From The Encyclopedia of Mormonism
Author: Pearson, Don M.
A bishop is the ecclesiastical leader of a Latter-day Saint congregation or ward, and has comprehensive pastoral and administrative responsibility at that level. This differs from other Christian churches in which bishops administer large geographical areas involving a number of congregations.
The word "bishop" comes from the Greek word episkopos, meaning "overseer." He is the pastor or shepherd, and is charged with the care of his flock. In the apostolic period, Paul wrote to the bishops in Philippi (Phil. 1:1), and other letters speak of the bishop's duties and of his sacred role in caring for the Church of God (1 Tim. 3:1-7; Titus 1:7-9).
The bishop's office is a complex priesthood calling. The bishop is president of the ward's Aaronic Priesthood holders and is responsible for all their activities. He is also an ordained high priest in the Melchizedek Priesthood and is the presiding high priest in the ward, responsible for all ward activities and functions (D&C 107:15-17). As the common judge and the presiding high priest, he determines the worthiness of all members of his ward and directs the performance of sacred ordinances (D&C 107:68-76). He is assisted by two counselors, usually high priests, who with the bishop constitute the bishopric and share responsibility for all ward organizations. The bishop and his counselors extend calls to ward members as needed to fill the numerous assignments in the many programs of the ward, encompassing activities for ward members at all ages.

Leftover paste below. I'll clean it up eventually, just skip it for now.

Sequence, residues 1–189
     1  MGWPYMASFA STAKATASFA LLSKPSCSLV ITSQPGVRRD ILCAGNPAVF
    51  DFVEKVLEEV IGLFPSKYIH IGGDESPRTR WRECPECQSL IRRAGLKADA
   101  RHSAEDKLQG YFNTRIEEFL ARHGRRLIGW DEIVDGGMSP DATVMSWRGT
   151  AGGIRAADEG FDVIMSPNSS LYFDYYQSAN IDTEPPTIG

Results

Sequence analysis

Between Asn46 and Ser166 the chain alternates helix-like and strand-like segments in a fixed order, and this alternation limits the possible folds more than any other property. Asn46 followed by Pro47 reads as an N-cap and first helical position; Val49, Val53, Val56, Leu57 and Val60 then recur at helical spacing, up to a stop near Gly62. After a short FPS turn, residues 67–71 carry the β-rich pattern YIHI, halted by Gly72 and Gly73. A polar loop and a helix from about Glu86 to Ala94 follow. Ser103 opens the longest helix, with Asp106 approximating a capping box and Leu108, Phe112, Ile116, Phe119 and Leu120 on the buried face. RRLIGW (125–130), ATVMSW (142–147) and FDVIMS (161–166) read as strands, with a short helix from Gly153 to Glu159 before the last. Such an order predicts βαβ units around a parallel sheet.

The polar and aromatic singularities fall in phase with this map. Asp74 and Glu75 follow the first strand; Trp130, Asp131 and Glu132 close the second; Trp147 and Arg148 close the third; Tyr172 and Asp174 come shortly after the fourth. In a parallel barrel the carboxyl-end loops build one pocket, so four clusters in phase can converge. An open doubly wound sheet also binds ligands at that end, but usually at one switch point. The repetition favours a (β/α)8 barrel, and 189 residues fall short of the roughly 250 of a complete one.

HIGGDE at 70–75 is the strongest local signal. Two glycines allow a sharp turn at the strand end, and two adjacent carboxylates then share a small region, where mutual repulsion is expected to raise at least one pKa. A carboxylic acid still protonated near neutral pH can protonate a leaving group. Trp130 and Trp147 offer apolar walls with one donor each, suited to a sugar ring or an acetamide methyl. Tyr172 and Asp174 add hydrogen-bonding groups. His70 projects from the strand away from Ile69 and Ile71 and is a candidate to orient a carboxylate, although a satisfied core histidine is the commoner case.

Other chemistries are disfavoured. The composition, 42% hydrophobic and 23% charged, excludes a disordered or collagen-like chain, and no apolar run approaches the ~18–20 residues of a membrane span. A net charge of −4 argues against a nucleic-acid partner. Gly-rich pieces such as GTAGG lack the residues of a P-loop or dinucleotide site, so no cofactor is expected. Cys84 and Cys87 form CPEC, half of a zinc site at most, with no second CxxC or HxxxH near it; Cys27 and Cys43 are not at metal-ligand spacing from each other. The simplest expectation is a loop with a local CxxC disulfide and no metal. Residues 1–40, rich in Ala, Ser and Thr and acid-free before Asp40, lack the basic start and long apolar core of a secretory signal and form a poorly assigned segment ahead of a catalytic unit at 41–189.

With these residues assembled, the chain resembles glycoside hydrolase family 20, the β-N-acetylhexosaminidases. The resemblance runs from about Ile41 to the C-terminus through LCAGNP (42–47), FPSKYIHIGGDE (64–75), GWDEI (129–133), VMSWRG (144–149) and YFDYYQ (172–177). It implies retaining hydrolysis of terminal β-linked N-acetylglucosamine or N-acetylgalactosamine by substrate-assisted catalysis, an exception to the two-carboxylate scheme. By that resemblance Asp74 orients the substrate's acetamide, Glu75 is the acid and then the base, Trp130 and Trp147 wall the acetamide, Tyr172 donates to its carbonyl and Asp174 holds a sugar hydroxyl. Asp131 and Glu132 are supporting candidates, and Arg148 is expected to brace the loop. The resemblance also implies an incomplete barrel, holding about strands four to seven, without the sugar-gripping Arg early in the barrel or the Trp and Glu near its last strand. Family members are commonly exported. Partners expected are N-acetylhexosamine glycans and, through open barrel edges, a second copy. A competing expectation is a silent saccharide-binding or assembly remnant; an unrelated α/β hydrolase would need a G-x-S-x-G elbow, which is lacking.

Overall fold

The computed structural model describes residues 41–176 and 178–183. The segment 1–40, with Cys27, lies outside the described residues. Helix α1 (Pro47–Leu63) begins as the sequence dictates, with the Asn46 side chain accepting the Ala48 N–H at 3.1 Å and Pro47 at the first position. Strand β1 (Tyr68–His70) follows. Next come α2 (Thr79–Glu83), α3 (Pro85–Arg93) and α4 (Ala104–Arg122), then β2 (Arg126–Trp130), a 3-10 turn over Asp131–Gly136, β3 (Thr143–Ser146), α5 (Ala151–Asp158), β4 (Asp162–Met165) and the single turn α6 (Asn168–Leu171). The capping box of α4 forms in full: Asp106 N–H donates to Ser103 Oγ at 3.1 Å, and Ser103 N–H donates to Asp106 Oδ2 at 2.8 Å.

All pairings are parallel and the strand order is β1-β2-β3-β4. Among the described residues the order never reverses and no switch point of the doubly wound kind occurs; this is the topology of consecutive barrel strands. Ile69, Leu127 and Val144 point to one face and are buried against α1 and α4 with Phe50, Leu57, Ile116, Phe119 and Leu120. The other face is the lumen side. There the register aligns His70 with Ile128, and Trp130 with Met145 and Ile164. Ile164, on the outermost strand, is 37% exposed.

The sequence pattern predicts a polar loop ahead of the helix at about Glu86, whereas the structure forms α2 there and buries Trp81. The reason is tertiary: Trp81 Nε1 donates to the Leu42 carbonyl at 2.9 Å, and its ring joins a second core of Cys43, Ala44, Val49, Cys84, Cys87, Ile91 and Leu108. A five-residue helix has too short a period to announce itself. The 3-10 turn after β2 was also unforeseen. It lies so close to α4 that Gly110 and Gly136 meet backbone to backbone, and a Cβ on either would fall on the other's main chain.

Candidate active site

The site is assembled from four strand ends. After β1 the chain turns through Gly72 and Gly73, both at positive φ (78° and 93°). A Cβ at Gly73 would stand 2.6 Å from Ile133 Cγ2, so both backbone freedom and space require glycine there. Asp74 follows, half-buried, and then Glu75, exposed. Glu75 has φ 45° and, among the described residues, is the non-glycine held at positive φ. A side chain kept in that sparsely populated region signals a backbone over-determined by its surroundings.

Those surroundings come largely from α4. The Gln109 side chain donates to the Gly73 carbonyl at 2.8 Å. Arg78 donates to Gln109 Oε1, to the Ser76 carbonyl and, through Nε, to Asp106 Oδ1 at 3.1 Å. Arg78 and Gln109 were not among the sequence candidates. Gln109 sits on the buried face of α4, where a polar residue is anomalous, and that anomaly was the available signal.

A bishop holds his official position for an indefinite time period. A new bishop is called when an existing bishop is replaced or when a new ward is organized. After prayerful deliberation, the stake presidency proposes a new bishop to the First Presidency and Quorum of the Twelve Apostles. The individual nominated must be a member of the priesthood body of the ward. He does not seek nor apply for this position and no theological degree is necessary. A bishop is a lay minister and receives no monetary compensation for his services. Like other local Church officers, he must maintain himself and his family through normal employment. In selecting a bishop, a stake presidency ordinarily considers testimony, judgment, commitment, and charity toward ward members, as well as the virtues of sobriety and integrity and the administrative and teaching skills identified in the New Testament description of bishops: A bishop then must be blameless, the husband of one wife, vigilant, sober, of good behavior, given to hospitality, apt to teach. Not given to wine, no striker, not greedy of filthy lucre; but patient, not a brawler, not covetous. One that ruleth well his own house, having his children in subjection with all gravity; (for if a man know not how to rule his own house, how shall he take care of the church of God?) Not a novice, lest being lifted up with pride he fall into the condemnation of the devil [1 Tim. 3:2-6].